Mar 1, 2012
09:20 AMDiscover Connecticut
Connecticut From A to Woodstock: Beacon Falls
When I think of Beacon Falls, I think of when I used pass through the town during my trek up to Boy Scout Camp in Winsted during the 1980s. Back then, Route 8 through town was a narrow, twisty two-lane highway that wound its way high above the Naugatuck River. Fortunately, it's been been completely renovated and is actually now an enjoyable driving experience as opposed to the white-knuckler it could be, especially in inclement weather.
Beacon Falls is also a place where my wife and I considered buying a home back in the late 1990s because of the then-low real estate prices. Apparently, we were on the right track as it is one of those places in the state that has seen better than 10 percent population growth in the last decade.
Where is it? Beacon Falls is nestled in the heart of the Naugatuck Valley, about 14 miles northwest of New Haven and about 9 miles due south of Waterbury.
What's it like? With a population just over 6,000 and at 9.8 square miles, Beacon Falls is one of the smaller Valley municipalities. The majority of town is small, private single-family residences, although there are a few commercial and retail enterprises, primarily clustered along Main Street. Much of the western part of town is forested, while outside of the Route 8 corridor, it's also very hilly. And although there the town's name is "Beacon Falls," there is no actual Beacon Falls to visit, although there is a Spruce Brook Falls in the Naugatuck State Forest, which is on the northwestern edge of the town.
Brief history Beacon Falls is one of the "younger" towns in the state, not officially incorporated until May 1871. Carved out of the four surrounding towns—Oxford, Bethany, Naugatuck and Seymour—Native Americans were here for centuries before it was settled by colonists of Derby starting in 1678. According to the town's website, Beacon Hill was an outlook used by early settlers, and there was a small waterfall that flowed from it; the town's name was taken from this. For a more detailed history, visit the Beacon Falls Historical Society's website.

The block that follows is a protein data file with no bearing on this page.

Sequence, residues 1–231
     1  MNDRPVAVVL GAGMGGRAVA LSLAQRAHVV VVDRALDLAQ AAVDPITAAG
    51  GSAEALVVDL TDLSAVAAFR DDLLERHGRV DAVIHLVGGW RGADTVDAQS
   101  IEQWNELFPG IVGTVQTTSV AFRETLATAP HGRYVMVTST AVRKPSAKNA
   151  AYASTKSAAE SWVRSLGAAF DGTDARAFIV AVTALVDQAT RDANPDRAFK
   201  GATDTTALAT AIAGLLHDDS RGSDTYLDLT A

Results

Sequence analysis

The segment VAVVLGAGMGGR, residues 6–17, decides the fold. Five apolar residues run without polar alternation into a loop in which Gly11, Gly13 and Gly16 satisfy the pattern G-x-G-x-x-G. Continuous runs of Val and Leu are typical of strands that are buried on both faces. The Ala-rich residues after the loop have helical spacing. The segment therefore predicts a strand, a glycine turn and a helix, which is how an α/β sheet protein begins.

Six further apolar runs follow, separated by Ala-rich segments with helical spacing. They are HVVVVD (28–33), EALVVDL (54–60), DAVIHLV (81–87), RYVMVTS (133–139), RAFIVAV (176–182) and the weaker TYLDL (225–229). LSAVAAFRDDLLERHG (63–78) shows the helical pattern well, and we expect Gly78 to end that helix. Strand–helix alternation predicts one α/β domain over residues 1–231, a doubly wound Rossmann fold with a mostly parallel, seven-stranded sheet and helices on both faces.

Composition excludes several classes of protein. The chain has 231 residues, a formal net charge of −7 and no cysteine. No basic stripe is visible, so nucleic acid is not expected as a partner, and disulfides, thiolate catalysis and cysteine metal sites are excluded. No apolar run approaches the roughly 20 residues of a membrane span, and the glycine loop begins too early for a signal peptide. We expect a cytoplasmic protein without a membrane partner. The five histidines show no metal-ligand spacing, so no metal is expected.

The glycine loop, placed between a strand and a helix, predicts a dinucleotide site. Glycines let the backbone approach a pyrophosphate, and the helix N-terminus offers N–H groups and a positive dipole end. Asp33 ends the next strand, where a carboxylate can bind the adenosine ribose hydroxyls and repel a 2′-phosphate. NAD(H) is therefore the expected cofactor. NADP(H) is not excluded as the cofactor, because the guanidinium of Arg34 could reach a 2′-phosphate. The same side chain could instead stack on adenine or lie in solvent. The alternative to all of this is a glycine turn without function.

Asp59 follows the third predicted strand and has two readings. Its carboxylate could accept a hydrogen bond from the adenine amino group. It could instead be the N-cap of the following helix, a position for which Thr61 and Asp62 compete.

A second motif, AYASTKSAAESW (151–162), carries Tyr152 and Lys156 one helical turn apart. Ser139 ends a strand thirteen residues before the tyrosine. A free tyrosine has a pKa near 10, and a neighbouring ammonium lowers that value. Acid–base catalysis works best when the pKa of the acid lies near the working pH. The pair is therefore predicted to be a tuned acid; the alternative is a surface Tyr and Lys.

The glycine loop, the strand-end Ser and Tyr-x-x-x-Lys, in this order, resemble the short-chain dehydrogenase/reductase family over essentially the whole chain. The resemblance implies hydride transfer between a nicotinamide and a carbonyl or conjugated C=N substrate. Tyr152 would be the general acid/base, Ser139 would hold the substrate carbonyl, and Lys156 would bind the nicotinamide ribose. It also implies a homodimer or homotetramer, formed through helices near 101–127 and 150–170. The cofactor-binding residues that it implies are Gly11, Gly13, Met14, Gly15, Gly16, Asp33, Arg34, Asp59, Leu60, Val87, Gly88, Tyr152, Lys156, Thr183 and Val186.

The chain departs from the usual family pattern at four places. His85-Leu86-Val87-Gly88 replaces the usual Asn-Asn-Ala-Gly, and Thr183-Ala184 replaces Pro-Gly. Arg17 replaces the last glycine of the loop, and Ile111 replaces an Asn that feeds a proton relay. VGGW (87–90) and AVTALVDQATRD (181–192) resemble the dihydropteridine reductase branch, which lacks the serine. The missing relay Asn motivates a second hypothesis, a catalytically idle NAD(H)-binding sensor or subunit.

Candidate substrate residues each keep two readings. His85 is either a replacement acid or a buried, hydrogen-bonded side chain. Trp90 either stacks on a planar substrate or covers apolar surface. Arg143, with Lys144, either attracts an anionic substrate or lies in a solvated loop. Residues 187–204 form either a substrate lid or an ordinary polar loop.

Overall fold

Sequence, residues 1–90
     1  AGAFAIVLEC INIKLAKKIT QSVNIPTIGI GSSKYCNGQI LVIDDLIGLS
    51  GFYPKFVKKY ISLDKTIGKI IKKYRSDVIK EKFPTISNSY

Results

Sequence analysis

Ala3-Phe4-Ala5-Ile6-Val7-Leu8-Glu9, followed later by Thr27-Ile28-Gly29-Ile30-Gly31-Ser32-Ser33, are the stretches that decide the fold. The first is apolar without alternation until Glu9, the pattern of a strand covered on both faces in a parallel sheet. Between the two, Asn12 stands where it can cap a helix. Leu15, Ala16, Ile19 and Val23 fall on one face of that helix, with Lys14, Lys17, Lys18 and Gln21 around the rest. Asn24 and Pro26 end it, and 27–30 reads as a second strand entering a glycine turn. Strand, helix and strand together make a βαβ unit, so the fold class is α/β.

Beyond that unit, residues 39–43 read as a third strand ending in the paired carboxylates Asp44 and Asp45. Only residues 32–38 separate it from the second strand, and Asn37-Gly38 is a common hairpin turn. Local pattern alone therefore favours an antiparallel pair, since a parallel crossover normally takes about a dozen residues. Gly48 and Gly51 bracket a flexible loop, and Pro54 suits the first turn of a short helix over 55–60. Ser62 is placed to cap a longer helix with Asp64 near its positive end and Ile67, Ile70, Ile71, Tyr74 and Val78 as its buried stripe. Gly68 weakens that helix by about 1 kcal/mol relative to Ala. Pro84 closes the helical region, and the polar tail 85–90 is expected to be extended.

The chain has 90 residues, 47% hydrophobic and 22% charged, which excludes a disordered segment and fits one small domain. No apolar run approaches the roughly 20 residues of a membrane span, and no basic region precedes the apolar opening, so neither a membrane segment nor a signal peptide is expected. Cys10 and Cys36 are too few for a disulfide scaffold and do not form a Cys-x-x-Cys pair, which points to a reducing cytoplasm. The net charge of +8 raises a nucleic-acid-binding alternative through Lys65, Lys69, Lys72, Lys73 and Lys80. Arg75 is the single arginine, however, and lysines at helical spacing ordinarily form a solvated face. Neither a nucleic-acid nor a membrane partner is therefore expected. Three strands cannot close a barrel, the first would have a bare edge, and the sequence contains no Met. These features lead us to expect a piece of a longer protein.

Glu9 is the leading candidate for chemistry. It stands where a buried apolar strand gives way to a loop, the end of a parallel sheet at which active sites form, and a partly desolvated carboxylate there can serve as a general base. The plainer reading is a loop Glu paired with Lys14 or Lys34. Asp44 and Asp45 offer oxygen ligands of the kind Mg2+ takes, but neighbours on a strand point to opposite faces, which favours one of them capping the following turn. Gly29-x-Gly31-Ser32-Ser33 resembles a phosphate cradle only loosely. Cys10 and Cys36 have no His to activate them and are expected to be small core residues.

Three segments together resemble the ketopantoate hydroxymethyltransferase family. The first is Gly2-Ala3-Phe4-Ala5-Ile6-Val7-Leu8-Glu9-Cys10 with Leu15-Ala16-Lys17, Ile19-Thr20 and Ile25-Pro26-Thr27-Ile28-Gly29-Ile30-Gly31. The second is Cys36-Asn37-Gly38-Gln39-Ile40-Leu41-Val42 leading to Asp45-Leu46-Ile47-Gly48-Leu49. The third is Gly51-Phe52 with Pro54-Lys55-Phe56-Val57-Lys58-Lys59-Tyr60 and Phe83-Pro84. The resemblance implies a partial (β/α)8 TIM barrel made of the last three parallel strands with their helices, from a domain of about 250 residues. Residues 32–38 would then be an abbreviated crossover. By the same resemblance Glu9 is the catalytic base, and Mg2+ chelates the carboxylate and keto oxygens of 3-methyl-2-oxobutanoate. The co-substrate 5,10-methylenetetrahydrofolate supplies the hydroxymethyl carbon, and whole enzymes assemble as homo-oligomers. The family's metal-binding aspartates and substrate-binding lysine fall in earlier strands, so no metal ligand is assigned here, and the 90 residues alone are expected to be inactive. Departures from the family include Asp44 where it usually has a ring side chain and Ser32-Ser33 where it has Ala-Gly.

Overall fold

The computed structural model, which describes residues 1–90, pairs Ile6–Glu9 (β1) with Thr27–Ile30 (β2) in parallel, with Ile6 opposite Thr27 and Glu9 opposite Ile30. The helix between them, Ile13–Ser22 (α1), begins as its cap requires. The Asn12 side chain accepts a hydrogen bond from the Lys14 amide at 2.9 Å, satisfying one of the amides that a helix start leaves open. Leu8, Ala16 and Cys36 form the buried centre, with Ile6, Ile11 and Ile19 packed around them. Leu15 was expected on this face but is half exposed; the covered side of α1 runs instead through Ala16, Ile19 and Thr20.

Hungry? Like many small towns, there isn't an abundance of places to eat, but The Original Antonio's is a popular spot, offering a full range of Italian cuisine, from thin-crust pizza to veal cacciatorre.
Bridge the gap In April 2011, renovations were finished on the Depot Street Bridge, a historic steel truss spanning the Naugatuck River that was originally constructed in 1934 and added to the National Register of Historic Places in 2007.
Strike it rich? According to Highways and Byways of Connecticut, some of the first friction matches, created with sulfur, were made here in 1847 by local resident Thomas Sanford. Realizing that he had a "hot" product, Sanford quickly packed his matches in small barrels, which he would then sell for 10 cents apiece. Wanting to try and capitalize, he moved production to Woodbridge, where he constructed a large wheel to power his new mill.
Unfortunately, Sanford had miscalculated, and the mill wheel was too big to be turned by the brook he had built the factory near, so there was no power to make matches. Desperate to recoup anything from his failed efforts, Sanford sold his match formula for a mere $10. It soon found its way into the hands of the Diamond Match Company, which was able to capitalize.
Diamond is still making matches today (though not in Beacon Falls), while poor Thomas Sanford went down in flames.